Nick DeVito, Navindra Persaud, Ben Goldacre
The US FDA Amendments Act (FDAAA 2007) requires certain clinical trials to report their results onto ClinicalTrials.gov within one year of completion. Our FDAAA TrialsTracker shows all individual trials that breach this legal requirement. Once a week, we write about one unreported clinical trial: you can read more background here.
This week’s unreported trial is titled: “A Multicenter Trial of the Efficacy and Safety of Diclegis® for Nausea and Vomiting of Pregnancy in Pregnant Adolescents” (NCT02045901). This Phase 4 trial enrolled 128 pregnant adolescent girls aged 12-17 suffering from nausea and vomiting (NVP) across six states. The study was randomized and blinded for all participants, care providers, investigators, and outcomes assessors. The experimental intervention was pyridoxine/doxylamine (Diclegis); the control group received a placebo. The primary outcome was severity of NVP as measured by the change in PUQE and Global Assessment of Wellbeing scores after 15 days. The secondary outcomes were safety as assessed by the differences in the severity and occurrence of maternal adverse events.
Nausea and vomiting during pregnancy is common. It is estimated that up to 74% of pregnant women will experience some nausea or vomiting during their pregnancy. A 2013 analysis of longitudinal data in Canadian women reported an NVP prevalence of 63.3% in early pregnancy and 45.4% in late pregnancy. While teen birth rates have been steadily declining throughout the western world, it remains high in some countries, especially in the United States. In 2013, the birth rate among 15-19 year old American women was 22.3 per 1,000.
Treatment options for NVP are limited. Pyridoxine/doxylamine was originally marketed in the US as Bendectin. A number of lawsuits related to safety concerns led to Bendectin being voluntarily discontinued in the 1980s. It was marketed as Diclectin in Canada and approved by the FDA in 2013 as Diclegis. There are plans to start marketing the treatment in Europe in the coming months. While the safety profile of pyridoxine/doxylamine appears to have been well established in the years since Bendectin was discontinued, recent work has called into question its effectiveness. The original 1970s study supporting the effectiveness of pyridoxine/doxylamine for NVP was not published by the investigators and a recent analysis of the available information about the trial indicates a high risk of bias which was likely to have impacted on the findings.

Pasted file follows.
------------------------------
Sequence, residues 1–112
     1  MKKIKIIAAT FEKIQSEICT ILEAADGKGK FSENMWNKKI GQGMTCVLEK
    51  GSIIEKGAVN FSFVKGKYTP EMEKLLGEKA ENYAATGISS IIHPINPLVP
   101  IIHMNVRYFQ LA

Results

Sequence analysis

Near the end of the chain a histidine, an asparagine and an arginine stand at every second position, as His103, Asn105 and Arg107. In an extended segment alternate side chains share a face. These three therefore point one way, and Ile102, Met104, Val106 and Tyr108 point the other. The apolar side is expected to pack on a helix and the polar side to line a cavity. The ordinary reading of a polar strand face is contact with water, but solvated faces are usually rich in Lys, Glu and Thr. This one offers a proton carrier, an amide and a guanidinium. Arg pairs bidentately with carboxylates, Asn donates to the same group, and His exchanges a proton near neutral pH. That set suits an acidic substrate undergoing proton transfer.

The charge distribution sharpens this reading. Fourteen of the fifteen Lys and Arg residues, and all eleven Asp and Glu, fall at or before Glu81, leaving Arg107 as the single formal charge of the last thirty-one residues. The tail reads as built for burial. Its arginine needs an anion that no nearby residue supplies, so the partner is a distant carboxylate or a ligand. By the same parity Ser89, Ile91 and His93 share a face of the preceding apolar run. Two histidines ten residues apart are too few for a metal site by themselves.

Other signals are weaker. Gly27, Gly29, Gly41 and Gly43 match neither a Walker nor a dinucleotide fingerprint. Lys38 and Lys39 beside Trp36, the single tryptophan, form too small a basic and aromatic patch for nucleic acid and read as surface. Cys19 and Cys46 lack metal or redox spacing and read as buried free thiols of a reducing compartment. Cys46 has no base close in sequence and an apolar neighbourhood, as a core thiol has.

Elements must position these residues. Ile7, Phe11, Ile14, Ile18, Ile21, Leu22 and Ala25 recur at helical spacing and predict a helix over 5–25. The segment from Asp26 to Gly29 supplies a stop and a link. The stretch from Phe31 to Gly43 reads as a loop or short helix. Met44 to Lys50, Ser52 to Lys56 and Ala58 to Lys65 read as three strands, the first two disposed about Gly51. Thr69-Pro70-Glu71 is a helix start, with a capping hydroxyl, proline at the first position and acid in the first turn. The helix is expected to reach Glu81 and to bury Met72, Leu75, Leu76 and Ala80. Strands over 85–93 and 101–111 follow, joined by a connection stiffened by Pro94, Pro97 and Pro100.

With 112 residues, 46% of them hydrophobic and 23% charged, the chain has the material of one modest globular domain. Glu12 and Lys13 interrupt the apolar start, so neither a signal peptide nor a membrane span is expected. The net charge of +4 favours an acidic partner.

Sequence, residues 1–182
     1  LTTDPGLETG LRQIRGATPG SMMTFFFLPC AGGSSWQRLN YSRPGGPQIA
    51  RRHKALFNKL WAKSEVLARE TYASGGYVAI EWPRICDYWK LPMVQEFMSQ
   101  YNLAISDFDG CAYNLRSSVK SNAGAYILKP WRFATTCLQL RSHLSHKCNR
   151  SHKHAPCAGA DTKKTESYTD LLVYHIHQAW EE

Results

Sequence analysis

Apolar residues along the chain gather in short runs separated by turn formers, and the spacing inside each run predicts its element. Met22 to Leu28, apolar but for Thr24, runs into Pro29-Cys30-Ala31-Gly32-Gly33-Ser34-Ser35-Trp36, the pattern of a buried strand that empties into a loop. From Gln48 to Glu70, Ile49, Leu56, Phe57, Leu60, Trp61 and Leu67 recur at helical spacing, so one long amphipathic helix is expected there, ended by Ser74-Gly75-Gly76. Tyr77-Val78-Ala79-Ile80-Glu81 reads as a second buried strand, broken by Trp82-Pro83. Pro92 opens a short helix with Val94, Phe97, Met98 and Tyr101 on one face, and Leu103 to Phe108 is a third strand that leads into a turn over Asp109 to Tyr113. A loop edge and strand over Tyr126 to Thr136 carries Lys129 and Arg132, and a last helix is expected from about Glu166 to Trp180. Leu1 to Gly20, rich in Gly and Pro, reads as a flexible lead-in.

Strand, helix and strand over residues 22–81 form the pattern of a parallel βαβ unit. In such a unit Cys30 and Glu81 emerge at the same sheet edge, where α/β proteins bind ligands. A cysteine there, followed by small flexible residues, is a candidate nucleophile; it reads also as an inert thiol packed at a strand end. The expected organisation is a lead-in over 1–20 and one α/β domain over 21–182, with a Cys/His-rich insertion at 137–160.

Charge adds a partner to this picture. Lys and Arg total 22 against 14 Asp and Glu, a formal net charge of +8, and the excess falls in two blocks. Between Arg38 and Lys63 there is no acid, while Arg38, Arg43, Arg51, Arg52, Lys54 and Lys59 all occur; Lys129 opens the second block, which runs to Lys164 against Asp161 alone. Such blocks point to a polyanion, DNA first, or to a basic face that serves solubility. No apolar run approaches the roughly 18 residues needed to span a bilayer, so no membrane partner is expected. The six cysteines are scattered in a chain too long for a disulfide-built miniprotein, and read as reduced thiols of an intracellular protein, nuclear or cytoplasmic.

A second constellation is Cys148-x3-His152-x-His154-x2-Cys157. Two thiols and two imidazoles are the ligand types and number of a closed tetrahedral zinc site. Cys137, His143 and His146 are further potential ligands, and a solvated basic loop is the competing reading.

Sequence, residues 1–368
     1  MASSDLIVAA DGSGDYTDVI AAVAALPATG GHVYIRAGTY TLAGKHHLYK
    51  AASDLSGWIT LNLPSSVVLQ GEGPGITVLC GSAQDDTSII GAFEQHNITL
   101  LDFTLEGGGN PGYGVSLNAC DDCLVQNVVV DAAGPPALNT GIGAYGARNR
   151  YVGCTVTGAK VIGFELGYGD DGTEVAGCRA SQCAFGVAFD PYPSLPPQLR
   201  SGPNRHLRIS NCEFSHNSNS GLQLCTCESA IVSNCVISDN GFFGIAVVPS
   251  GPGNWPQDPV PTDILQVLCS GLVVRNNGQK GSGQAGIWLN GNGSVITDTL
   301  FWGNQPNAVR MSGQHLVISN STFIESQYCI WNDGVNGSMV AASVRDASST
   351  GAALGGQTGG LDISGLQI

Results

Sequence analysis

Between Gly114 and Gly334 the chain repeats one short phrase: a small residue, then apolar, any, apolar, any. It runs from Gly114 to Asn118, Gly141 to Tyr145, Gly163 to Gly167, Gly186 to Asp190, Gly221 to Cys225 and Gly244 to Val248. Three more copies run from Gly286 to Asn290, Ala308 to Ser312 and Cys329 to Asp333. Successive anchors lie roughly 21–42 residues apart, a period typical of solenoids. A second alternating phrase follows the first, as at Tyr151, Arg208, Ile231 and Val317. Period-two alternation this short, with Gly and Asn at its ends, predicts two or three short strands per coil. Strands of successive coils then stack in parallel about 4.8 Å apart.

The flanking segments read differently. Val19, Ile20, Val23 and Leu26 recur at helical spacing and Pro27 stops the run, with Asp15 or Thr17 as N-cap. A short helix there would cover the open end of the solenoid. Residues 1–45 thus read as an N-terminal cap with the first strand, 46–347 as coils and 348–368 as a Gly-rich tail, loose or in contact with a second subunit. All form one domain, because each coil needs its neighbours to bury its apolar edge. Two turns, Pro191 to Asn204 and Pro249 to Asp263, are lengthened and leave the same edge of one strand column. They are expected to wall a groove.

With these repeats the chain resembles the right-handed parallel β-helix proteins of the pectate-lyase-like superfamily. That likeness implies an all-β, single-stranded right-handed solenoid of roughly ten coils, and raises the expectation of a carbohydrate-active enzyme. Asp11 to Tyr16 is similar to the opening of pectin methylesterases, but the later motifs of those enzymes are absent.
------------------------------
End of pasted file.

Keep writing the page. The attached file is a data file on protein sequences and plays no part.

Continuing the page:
A 2010 publication of a phase 3 study, by the same PIs as the present study in adolescents, mislabeled outcomes as primary and prespecified. Some, but not all, of the outcomes were then properly reported in 2016. The findings were called into question after a reanalysis showed no clinically important differences between doxylamine/pyridoxine and placebo and that any statistical significance of the difference was dependent on the “method of handling missing data.”
We intend that this series should occasionally shed light on interesting issues around transparency rules, and how registry data is used. You can read some general background about the FDA Amendments Act 2007—and why a trial is considered “due”—here and here.
As we have discussed previously in this series, industry-sponsored trials investigating new therapies or new indications for existing therapies may delay the reporting of their results by requesting a certificate of delay. Per the FDAAA Final Rule (§11.44), sponsors are required to apply for certificates of delay before results are due; however our work has shown that ClinicalTrials.gov appear to be granting these extensions regardless of whether sponsors apply on time. Today’s trial, however, is a Phase 4 trial conducted on an approved therapy, and in this case on the approved indication of nausea and vomiting of pregnancy. We suggest that the non-reporting of this trial could be considered should the maker of Diclegis apply for additional patent protection in return for conducting a trial in children.
While publication outside of ClinicalTrials.gov does not meet the legal requirements of the FDAAA 2007, no publication related to this study could be found when searching Google, Google Scholar or PubMed. With efficacy questions around pyridoxine/doxylamine for NVP garnering attention, it is vital that any new evidence related to this treatment is published fully in accordance with the legal requirements of the FDAAA 2007, especially as the treatment is considered for use throughout Europe.
This unreported trial was sponsored by Duchesnay Inc. in collaboration with Premier Research Group plc. The study PIs are Dr. Gideon Koren of the Hospital for Sick Children in Toronto, Canada and Dr. Gary Hankins of the University of Texas in the US. As of 26 June 2018, this trial is 87 days overdue to report. We hope the investigators will share the results of this trial soon.
Competing interests: BG has received research funding from the Laura and John Arnold Foundation, the Wellcome Trust, the Oxford Biomedical Research Centre, the NHS National Institute for Health Research School of Primary Care Research, the Health Foundation, and the World Health Organization; he also receives personal income from speaking and writing for lay audiences on the misuse of science.
Nicholas J DeVito is a researcher at the EBM Datalab at the University of Oxford.
Competing interests: ND is employed on BG’s LJAF grant and is a Naji Foundation Scholar at the University of Oxford.
Competing interests: NP has received research funding from the Canadian Institutes of Health Research, Health Canada, the Ontario SPOR Support Unit, and Physicians Services Incorporated; he has also received payment for work as an associate editor for the Canadian Medical Association Journal. He has co-authored several papers related to the use of doxylamine-pyridoxine for nausea and vomiting during pregnancy.